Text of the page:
Dar es Salaam. For those who worked closely with him, he was remarkably polite and gentle, yet quite a serious and thoughtful person.
He did things not to please people but to fulfil his constitutional duties, through firm decisions, regardless of the consequences. He was not a populist who sought to please the gallery, but was prepared to annoy people or lose friends if that was the price to pay for the interest of the country he led.
That was the man he was - Benjamin William Mkapa. His passing away, shortly after midnight on Friday, has shocked the nation as people struggled to come to terms with the news. He was a great and unique leader, former journalist, ambassador and distinguished diplomat who until few days ago is said to have been in good health and spirit. “Fellow Tanzanians, with great sorrow, a great loss has befell the nation. The third president Benjamin Mkapa, has died at a hospital in Dar es Salaam where he was admitted. I ask fellow Tanzanians to accept this and continue to pray for our elder…Mzee Mkapa is no longer with us,” said a visibly emotional and sombre President John Magufuli during a midnight live televised announcement.
When Mkapa was fronted by CCM to vie for presidency in 1995 during Tanzania’s first multiparty elections, many people were uncertain of his capability to steer the nation weighed down by high level corruption, incompetency and negligence in the public service machinery and a huge debt. At that time, the annual inflation rate of 40 percent, high unemployment and privatization of industries were a headache. But Mkapa’s record in public service had struck a chord with Mwalimu Julius Nyerere, the master of Tanzania politics who took an active role in campaigning on behalf of Mr Mkapa. Mr Mkapa who had worked closely with President Nyerere and had been an active Tanu and later CCM member for much of his adult life, was finally elected President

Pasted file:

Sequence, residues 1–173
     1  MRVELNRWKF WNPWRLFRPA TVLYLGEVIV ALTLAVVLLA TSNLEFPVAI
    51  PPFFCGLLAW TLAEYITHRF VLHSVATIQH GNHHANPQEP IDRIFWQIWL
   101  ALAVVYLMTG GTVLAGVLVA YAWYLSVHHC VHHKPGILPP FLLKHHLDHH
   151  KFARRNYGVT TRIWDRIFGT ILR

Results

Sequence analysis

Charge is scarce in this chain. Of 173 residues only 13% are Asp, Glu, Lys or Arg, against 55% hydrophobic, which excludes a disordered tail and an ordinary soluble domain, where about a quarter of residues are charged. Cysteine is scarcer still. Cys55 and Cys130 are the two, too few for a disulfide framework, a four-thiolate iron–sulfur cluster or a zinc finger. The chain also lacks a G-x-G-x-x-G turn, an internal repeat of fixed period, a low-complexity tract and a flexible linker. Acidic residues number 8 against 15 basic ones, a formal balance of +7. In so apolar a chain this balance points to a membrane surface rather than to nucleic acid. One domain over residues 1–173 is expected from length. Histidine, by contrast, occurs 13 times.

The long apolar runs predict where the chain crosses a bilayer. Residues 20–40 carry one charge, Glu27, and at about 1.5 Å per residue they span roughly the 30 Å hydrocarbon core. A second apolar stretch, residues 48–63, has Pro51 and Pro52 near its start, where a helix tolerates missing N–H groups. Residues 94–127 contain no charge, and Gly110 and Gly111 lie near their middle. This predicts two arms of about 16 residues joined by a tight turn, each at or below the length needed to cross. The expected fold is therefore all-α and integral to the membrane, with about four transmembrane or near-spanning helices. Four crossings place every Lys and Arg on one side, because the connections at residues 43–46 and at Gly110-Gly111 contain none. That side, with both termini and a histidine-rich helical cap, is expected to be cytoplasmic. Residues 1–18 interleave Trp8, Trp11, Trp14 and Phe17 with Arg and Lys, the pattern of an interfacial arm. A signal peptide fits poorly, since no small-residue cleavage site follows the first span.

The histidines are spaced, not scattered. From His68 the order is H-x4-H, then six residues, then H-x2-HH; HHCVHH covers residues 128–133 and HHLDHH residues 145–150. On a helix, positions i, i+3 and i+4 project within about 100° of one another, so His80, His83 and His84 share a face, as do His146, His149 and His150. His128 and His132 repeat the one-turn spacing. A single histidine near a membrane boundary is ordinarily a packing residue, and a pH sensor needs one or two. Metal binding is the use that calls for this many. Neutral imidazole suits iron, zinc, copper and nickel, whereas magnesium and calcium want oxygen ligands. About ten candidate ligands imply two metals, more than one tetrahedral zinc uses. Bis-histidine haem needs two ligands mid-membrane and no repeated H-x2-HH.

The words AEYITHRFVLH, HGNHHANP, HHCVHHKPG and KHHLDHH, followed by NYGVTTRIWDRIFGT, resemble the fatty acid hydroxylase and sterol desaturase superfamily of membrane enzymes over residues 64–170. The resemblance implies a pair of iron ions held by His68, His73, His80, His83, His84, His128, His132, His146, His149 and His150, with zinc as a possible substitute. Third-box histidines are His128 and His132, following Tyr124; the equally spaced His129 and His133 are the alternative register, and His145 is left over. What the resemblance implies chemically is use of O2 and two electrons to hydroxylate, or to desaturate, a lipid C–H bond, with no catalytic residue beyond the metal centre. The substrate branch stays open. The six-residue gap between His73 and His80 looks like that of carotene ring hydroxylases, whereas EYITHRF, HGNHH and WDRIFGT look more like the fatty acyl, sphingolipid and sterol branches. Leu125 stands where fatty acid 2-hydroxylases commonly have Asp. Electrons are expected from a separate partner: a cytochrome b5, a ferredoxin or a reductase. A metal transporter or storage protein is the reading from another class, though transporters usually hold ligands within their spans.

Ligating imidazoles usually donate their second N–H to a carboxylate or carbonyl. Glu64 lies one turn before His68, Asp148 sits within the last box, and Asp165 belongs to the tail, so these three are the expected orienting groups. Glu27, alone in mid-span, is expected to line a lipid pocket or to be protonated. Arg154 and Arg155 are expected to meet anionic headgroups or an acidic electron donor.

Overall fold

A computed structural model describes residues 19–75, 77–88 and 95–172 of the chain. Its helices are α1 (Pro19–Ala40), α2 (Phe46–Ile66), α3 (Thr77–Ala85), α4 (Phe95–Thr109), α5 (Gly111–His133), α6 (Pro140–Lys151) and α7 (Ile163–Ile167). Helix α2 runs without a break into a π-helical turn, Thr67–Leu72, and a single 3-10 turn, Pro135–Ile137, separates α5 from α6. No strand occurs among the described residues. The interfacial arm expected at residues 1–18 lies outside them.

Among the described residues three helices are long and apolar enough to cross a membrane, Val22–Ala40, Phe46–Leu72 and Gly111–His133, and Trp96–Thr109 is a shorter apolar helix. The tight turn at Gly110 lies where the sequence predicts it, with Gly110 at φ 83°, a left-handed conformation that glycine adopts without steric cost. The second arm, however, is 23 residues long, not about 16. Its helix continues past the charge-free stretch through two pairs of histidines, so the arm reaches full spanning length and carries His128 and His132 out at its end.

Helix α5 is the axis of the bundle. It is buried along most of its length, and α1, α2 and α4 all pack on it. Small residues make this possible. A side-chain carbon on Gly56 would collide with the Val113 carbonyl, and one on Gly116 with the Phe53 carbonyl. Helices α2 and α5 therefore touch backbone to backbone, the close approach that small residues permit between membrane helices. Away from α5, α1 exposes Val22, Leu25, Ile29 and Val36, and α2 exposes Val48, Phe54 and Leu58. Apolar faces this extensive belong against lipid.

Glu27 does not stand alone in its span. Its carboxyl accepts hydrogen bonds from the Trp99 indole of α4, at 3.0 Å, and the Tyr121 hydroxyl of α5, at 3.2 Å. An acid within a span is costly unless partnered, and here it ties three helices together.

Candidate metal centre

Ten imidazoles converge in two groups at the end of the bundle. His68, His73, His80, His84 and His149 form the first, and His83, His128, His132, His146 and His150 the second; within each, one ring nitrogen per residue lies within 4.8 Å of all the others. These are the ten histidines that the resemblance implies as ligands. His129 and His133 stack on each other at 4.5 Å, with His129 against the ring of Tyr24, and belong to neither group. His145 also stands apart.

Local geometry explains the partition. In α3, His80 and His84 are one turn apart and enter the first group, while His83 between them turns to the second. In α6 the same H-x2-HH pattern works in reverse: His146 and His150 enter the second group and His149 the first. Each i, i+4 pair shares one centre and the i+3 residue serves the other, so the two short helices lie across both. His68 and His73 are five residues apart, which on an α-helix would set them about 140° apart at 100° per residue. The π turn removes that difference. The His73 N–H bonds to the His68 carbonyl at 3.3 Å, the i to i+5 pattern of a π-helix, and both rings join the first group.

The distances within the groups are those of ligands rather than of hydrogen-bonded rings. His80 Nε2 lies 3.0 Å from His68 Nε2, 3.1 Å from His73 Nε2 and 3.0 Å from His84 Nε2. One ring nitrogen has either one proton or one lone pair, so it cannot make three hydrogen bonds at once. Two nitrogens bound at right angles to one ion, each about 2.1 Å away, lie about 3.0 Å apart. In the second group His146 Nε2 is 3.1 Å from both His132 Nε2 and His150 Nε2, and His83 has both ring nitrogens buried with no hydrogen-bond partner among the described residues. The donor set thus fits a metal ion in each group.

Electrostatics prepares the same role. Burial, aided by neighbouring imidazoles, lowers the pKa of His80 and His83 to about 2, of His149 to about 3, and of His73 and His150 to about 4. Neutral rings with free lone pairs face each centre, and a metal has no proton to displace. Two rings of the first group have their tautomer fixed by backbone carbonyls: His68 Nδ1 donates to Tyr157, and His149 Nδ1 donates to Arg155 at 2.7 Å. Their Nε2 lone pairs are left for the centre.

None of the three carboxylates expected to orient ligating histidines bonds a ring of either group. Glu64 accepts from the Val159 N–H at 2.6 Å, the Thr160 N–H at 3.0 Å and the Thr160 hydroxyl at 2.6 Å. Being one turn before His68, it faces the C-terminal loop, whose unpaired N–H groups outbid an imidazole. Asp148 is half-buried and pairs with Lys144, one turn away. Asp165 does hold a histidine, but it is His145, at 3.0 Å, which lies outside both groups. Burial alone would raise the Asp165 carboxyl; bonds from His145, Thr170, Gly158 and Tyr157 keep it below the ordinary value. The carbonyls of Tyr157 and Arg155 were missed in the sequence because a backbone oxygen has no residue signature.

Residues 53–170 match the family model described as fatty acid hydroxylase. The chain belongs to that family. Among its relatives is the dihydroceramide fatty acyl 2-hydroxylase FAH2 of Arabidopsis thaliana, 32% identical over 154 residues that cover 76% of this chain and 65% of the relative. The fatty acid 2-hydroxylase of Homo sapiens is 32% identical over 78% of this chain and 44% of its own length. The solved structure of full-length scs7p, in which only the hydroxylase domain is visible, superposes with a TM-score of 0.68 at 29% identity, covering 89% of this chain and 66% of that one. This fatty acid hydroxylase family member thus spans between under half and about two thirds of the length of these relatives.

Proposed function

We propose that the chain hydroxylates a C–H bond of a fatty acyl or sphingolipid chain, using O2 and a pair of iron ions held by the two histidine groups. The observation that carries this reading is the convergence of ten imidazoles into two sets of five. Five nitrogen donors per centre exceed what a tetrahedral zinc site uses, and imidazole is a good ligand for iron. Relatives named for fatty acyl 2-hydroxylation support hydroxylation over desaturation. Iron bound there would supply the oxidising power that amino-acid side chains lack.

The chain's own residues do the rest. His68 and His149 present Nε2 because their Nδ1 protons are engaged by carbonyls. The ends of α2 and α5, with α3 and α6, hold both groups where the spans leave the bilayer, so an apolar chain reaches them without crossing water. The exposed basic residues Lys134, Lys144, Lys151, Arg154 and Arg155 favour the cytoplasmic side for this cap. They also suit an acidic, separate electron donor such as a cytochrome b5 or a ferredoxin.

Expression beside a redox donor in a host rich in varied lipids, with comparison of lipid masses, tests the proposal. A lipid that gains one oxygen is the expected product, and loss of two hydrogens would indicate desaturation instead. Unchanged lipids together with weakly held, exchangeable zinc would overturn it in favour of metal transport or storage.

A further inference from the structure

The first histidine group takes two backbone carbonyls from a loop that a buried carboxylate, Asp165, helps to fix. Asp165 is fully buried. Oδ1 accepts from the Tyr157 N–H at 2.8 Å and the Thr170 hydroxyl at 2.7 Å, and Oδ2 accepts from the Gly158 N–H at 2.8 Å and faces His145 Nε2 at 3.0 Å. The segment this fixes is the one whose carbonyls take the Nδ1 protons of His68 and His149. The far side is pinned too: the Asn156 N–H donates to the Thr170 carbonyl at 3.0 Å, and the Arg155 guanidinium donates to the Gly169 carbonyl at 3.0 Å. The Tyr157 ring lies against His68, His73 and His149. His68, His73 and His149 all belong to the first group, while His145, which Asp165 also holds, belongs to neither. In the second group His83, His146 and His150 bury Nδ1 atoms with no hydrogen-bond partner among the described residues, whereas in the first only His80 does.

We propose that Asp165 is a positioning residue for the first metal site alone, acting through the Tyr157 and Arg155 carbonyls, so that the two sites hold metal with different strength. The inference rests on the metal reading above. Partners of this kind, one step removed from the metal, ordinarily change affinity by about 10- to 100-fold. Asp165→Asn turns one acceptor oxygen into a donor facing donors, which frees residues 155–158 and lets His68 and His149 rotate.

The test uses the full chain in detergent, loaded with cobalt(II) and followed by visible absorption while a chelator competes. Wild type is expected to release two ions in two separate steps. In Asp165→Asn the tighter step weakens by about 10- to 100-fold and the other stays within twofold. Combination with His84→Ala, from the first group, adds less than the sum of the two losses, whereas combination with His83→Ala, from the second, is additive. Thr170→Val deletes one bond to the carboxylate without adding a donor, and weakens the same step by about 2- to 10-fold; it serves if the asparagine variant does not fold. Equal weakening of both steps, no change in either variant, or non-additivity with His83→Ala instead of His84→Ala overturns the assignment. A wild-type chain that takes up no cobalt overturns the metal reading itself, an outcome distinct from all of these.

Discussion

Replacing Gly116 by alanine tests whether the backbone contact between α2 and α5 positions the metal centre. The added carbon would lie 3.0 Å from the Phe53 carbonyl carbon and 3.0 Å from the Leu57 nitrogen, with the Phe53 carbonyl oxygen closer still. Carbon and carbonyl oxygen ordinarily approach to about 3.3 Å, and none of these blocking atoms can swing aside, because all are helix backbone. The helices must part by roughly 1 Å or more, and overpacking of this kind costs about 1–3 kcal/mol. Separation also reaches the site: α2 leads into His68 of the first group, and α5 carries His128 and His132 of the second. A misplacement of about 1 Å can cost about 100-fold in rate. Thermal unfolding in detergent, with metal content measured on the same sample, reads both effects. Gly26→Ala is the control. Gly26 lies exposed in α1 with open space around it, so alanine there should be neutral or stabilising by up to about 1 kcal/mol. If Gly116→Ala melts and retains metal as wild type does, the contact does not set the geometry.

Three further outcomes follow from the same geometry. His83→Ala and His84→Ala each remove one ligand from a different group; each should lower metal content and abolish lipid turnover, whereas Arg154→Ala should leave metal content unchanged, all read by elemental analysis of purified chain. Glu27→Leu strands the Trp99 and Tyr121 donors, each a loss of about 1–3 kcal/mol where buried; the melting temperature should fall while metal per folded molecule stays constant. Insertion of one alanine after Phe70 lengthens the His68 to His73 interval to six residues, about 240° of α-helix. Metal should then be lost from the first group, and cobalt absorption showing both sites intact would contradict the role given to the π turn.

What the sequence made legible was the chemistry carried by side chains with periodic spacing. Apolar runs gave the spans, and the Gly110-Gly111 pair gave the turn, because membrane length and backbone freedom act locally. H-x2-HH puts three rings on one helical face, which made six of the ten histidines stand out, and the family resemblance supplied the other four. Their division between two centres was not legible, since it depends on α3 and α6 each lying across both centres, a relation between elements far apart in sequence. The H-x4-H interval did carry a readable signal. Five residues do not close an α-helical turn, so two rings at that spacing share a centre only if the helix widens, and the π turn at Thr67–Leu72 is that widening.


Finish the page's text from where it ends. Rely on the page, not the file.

On taking over the country from President Ali Hassan Mwinyi, President Mkapa drew his plan that would enable him institute major economic and institutional reforms that put Tanzania in a new status.
He read and understood where Tanzania was from an economic point of view, rolled out his plans and managed to turn the situation around at great cost.
“Initially many people didn’t understand the tough decisions he took that made life a bit difficult but after sometime things started to change for the better. Our shilling gained value and the economy started to move forward,” says the managing director of Mkuki na Nyota Publishers, Walter Bgoya, a close friend of Mr Mkapa for many year.
Mr Mkapa is credited for initiating fundamental institutional changes in Tanzania’s governance system that saw many government institutions and agencies over-hauled and given more autonomy. He imposed austerity and overhauled the public serviced machinery.
He was frustrated by persistent overdependence of his country in financing major road network and set mechanism to finance the agency so that it can successfully manage trunk and regional roads. His favorite maxim, ‘Ukweli na Uwazi (truth and transparency) became a household phrase in Tanzania. It was during his tenure that budgets and financial reports of local government authorities begun to be published to promote transparency and accountability of public servants.